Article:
Of all the “writing rules,” this is the one almost every writer breaks.
It’s also the one that will always bite you in the ass if you break it.
If you break this rule, your story will punish you for it. Your plot will fall flat and your ending will fizzle. In fact, you might not even reach the end because your book will have given up on you long before you’re lucky enough to reach that point.
Here’s the rule:
ALWAYS listen to your characters.
Sounds simple enough, right?
Well, if it was that simple I wouldn’t have half the clients that I do looking for a writing coach because they’re helplessly stuck with their stories.
Because, sooner or later, every writer breaks this rule. Maybe we’ve decided that putting our novel under a deadline is the best way to make progress. Or maybe we just finished reading a screenplay or novel writing guide that told us our characters need to act in a certain way. Maybe we’re just experiencing plain old self-doubt and we think our story needs to be “different” or “better” in some way, so we’re trying to make it fit into our idea of what we think it should be.
Whatever the case, we’ve fallen into the trap of believing that our characters are pretend people who we control. We’ve decided that they need to do certain things, act a certain way, and carry out certain actions in order to fit the standard we’ve come up with for them inside our own minds.
So…how would you feel if you were in a working relationship with someone who had this attitude toward you?
I’m willing to bet that you would NOT want to work with them any longer. In fact, as we often see in the case with critical parents and oppressive home environments, you would probably want to get out of that relationship and as far away as possible as quickly as you could.
And this is exactly what happens when we try to force our characters to do things they don’t want to do.
This is when writers start feeling all the air going out of their story. They began the process with a euphoric rush of inspiration, they saw vivid images in their mind, and felt the powerful emotions of the character at a pivotal moment…and then they decided it would be a book. So, they sat down and painstakingly plotted it all out. They wrote chapter summaries and character profiles and checked off things on writing guide checklists. They felt very accomplished and like they were “getting shit done.” But then, they sat down to write and…nothing. Now they’re stuck and they don’t know why.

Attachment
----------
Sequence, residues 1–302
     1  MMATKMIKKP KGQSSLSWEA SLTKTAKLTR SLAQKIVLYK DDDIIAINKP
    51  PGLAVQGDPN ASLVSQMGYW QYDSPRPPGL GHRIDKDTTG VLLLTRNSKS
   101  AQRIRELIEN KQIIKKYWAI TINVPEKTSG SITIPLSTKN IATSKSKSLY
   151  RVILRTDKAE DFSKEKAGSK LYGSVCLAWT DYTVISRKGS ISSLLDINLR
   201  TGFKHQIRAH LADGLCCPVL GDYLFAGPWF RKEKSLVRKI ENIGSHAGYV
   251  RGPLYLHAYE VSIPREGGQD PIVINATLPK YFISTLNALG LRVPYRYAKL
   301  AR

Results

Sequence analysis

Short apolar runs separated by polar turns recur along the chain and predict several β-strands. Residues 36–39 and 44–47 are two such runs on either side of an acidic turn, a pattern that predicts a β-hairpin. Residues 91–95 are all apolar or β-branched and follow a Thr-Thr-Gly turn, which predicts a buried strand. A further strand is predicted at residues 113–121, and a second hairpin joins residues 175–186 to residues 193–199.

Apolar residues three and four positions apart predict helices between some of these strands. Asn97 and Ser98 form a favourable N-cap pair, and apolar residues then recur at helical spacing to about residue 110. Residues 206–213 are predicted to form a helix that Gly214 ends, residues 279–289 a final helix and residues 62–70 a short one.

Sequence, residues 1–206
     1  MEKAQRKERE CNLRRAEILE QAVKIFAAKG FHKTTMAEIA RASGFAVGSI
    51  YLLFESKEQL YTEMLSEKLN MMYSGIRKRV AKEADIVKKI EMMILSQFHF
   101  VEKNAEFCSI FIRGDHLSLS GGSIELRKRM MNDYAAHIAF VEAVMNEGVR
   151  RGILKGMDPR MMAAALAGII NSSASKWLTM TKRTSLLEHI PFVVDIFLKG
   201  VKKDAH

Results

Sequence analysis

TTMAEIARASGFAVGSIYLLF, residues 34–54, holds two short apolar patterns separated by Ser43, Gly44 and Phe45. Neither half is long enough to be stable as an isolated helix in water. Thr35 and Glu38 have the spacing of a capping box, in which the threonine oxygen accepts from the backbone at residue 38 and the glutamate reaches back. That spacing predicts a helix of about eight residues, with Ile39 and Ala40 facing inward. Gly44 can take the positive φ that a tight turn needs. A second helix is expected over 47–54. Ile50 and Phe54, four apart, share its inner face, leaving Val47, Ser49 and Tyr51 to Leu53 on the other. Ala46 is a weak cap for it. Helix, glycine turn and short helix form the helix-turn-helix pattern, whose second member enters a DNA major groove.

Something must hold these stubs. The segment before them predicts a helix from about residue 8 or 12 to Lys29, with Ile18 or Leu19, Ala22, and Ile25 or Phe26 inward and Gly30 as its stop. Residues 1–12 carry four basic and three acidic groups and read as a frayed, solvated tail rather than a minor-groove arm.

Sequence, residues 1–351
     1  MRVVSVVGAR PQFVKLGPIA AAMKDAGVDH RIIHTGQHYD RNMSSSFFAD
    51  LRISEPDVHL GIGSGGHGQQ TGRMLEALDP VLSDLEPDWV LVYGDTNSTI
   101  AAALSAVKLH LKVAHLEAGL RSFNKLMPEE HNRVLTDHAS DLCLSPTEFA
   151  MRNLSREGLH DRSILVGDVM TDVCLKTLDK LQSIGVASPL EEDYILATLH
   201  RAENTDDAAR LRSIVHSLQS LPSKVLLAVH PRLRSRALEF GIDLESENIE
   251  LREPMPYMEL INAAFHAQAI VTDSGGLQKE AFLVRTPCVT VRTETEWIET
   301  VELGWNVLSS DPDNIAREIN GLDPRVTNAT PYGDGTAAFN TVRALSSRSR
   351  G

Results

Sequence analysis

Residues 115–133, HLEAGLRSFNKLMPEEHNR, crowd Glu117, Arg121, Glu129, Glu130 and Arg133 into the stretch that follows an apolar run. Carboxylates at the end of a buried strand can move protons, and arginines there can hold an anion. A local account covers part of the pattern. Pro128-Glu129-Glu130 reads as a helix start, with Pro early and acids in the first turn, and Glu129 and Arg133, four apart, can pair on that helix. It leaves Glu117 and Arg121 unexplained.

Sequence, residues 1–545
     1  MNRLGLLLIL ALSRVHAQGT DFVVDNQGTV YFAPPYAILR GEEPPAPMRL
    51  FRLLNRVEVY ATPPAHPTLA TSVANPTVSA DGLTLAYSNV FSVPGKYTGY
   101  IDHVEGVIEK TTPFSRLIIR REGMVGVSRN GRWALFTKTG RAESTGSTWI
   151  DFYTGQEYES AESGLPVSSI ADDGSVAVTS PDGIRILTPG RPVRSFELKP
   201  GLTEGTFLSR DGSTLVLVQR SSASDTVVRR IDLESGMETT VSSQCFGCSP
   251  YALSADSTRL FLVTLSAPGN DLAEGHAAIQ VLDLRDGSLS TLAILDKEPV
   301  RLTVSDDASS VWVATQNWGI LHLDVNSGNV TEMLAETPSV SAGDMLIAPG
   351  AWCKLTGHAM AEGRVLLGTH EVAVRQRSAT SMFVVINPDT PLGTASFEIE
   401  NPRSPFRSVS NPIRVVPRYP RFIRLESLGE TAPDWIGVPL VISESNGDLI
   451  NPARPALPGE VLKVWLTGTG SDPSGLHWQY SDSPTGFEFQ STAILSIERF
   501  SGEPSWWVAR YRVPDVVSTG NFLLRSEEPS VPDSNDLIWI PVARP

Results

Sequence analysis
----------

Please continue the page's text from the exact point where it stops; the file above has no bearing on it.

It’s because the character retreated. The character who first came through in that rush of emotional inspiration sat and watched the writer plan everything out for them and pull out all those checklists and felt dismissed, ignored, controlled, and/or unheard.
How do you feel when you’re in a relationship with someone and you feel dismissed, ignored, controlled and/or unheard?
That’s right. You most likely feel resentful, rebellious, and angry.
How open are you to sharing the deepest part of yourself and your story with someone when you’re in that state?
Bingo. That’s where your suddenly uncommunicative character is at too.
If you’re a writer who has a bulging file full of story arc plans, character sketches, schedules, checklists, and timelines, but no story, and you’re frustrated as to why this might be the case, look no further than the pissed-off character standing right in front of you.
I’m going to say this very seriously and I want you to really absorb it. In fact, it wouldn’t hurt to put this somewhere big and bold near your writing workstation:
Working with fictional characters is exactly the same as working with real people in real life.
Give them the respect and freedom they deserve.
That means that when you’re working with a character, you put aside all your plans for them. You scrap the checklist and concentrate on listening to what they want to tell you. You go into the process knowing and accepting that:
Your character might tell you things you didn’t expect
Your character might tell you things that hit uncomfortably close to home or that you don’t agree with
Your character might tell you about choices they made that you don’t approve of
Your character might not tell you what you want to know yet, they might need more time
Whatever your character tells you, it’s up to you to receive their communications with non-judgment, an open mind, and even compassion if you can manage it. Once your character truly feels comfortable with you and knows that you accept them for who they are, and you’re not going to try to change them to fit into some predetermined mold, they will really open up to you. That’s when you’ll feel that rush of electric inspiration return to the story. That’s when you’ll feel like you’re back in the zone, writing for an hour or two effortlessly, the words seeming to just flow out of you from some hidden magical source.
But you have to let go first.
You have to give up control over your characters and let them lead the way.
It’s one the hardest things you’ll do as a writer—trust and surrender—but oh, it is so worth it.
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